What Does an APA Abstract Include?

Your Sociology instructor has just given you your first research paper assignment, required to be written in American Psychological Association, or APA, format. Assignment directions tell you that in between the cover page and the table of contents, an abstract is also required. If you are unfamiliar with this concept, then you want to understand what an abstract is and what it is not, and know how to write one and include it in your final paper.

What an Abstract Is

An abstract is a brief summary of the content of your research paper. Reading through the abstracts of the first academic articles you research is a good starting point to thoroughly understand its purpose. It can be a useful tool in determining if the selected article fits in with your research topic. If it does not, then you can save time by just reading the abstract and moving on to more appropriate resources.

What an Abstract Is Not

First, an abstract does not present any new information that is not already included in your paper. Your abstract will contain elements such as an introduction, a few sentences that describe the main points and a conclusion.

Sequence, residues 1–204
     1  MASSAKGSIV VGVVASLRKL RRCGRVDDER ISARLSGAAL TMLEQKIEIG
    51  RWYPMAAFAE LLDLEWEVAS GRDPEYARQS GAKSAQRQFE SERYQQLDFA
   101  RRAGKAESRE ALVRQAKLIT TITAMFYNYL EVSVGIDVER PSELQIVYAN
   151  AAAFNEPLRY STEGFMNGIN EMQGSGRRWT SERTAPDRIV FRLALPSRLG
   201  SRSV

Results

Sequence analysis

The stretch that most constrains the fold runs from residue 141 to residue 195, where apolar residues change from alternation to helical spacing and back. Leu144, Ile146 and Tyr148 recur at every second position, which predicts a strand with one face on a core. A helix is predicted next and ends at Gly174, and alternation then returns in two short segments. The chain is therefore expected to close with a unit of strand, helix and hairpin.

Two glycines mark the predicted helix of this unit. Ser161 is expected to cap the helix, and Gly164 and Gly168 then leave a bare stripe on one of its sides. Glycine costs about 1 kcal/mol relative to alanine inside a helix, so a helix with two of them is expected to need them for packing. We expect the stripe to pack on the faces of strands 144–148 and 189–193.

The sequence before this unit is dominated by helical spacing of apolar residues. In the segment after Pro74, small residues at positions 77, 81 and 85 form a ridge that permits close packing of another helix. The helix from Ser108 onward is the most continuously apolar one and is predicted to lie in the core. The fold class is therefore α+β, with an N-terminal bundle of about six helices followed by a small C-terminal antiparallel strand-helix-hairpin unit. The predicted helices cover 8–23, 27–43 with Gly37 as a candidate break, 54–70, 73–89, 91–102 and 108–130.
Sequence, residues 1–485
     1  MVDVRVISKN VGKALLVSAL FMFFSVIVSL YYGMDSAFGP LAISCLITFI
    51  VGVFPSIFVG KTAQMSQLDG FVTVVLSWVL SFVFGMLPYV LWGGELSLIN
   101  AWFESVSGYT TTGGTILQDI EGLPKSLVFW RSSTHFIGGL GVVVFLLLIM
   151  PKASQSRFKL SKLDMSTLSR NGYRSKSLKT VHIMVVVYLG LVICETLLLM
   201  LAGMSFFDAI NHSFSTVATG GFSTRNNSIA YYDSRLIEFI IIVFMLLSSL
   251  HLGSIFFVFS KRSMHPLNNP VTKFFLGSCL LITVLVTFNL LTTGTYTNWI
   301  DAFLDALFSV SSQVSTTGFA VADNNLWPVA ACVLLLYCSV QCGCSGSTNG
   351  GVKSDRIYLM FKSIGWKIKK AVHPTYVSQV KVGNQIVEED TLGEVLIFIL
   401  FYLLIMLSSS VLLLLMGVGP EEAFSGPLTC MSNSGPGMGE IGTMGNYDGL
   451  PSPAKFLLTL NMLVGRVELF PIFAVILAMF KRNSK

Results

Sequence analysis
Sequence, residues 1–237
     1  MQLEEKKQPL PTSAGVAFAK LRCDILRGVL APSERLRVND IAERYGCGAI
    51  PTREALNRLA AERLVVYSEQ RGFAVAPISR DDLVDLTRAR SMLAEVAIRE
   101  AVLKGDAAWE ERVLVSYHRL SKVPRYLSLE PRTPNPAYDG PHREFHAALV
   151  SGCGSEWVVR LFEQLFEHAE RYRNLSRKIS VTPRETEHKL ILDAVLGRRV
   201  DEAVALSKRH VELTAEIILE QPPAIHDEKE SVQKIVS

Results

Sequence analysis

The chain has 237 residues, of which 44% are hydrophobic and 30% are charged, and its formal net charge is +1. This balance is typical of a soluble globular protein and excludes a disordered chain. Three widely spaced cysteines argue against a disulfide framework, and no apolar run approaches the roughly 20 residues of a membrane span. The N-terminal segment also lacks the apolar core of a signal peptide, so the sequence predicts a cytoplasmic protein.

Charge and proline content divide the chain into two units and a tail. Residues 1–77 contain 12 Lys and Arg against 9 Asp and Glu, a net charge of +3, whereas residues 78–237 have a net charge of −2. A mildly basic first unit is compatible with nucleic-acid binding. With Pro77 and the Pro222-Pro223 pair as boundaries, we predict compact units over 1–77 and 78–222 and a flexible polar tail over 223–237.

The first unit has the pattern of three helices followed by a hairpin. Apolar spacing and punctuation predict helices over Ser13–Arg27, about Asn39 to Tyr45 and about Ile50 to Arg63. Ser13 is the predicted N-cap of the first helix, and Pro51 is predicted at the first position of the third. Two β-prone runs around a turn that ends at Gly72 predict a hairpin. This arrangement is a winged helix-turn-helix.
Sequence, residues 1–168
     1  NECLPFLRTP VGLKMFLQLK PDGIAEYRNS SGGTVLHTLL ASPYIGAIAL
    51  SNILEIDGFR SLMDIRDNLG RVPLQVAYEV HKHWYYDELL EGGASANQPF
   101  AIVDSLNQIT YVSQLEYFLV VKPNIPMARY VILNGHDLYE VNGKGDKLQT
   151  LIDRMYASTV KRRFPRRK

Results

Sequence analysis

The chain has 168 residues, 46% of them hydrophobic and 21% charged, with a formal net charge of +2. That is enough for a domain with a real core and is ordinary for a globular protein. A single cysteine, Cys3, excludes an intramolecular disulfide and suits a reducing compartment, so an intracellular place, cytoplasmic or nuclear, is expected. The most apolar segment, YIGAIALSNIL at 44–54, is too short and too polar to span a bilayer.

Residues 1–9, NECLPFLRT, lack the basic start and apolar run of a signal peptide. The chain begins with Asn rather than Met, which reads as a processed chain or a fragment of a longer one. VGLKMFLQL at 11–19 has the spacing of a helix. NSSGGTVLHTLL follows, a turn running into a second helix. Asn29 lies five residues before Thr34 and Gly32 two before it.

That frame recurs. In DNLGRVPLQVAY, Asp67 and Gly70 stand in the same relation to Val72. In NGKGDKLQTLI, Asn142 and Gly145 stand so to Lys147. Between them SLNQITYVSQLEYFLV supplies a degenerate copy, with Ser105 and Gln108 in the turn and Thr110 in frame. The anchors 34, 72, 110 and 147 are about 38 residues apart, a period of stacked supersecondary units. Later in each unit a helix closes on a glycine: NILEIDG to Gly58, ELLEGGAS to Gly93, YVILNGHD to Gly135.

Secondly, an abstract is brief in length and not overly detailed.

Lastly, regardless of the type of paper, even for persuasive papers, the abstract does not express opinion or use the first-person perspective.

Suggestions for Writing an Abstract in APA Format

Even though the abstract comes after the cover page in APA format, you usually compose it after your paper is complete.

You have all of your content in place, so picking your main points and summarizing them is much easier. Let your introduction and your thesis statement, or topic sentence, as well as other headings and sub-headings and your conclusion guide you as your compose your summary.

Topic Example

Suppose the topic of your research paper is that major fast food chains are now offering healthier options than the usual burgers and fries, and your research shows this is true for four specific reasons.

You might include your topic sentence in your abstract such as, "Today's fast food restaurants are offering up healthier options than in the past."

Then you might offer four sentences, one sentence per point and provide one concluding statement to complete your abstract.